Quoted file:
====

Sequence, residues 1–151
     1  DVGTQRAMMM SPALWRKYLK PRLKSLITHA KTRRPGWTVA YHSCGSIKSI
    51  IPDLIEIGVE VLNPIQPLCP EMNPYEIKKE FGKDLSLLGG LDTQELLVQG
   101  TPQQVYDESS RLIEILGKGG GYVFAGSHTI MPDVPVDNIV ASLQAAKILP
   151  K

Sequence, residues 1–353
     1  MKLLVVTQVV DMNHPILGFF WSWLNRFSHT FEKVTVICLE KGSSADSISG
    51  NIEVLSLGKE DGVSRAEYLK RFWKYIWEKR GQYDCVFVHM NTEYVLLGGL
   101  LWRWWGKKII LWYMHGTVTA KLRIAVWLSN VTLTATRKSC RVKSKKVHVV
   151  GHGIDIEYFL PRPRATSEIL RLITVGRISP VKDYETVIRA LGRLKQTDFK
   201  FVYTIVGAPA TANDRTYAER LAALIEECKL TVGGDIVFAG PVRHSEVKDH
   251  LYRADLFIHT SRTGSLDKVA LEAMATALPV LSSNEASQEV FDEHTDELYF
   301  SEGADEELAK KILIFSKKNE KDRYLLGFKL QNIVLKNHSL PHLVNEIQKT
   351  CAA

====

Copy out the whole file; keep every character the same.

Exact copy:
Sequence, residues 1–151
     1  DVGTQRAMMM SPALWRKYLK PRLKSLITHA KTRRPGWTVA YHSCGSIKSI
    51  IPDLIEIGVE VLNPIQPLCP EMNPYEIKKE FGKDLSLLGG LDTQELLVQG
   101  TPQQVYDESS RLIEILGKGG GYVFAGSHTI MPDVPVDNIV ASLQAAKILP
   151  K

Sequence, residues 1–353
     1  MKLLVVTQVV DMNHPILGFF WSWLNRFSHT FEKVTVICLE KGSSADSISG
    51  NIEVLSLGKE DGVSRAEYLK RFWKYIWEKR GQYDCVFVHM NTEYVLLGGL
   101  LWRWWGKKII LWYMHGTVTA KLRIAVWLSN VTLTATRKSC RVKSKKVHVV
   151  GHGIDIEYFL PRPRATSEIL RLITVGRISP VKDYETVIRA LGRLKQTDFK
   201  FVYTIVGAPA TANDRTYAER LAALIEECKL TVGGDIVFAG PVRHSEVKDH
   251  LYRADLFIHT SRTGSLDKVA LEAMATALPV LSSNEASQEV FDEHTDELYF
   301  SEGADEELAK KILIFSKKNE KDRYLLGFKL QNIVLKNHSL PHLVNEIQKT
   351  CAA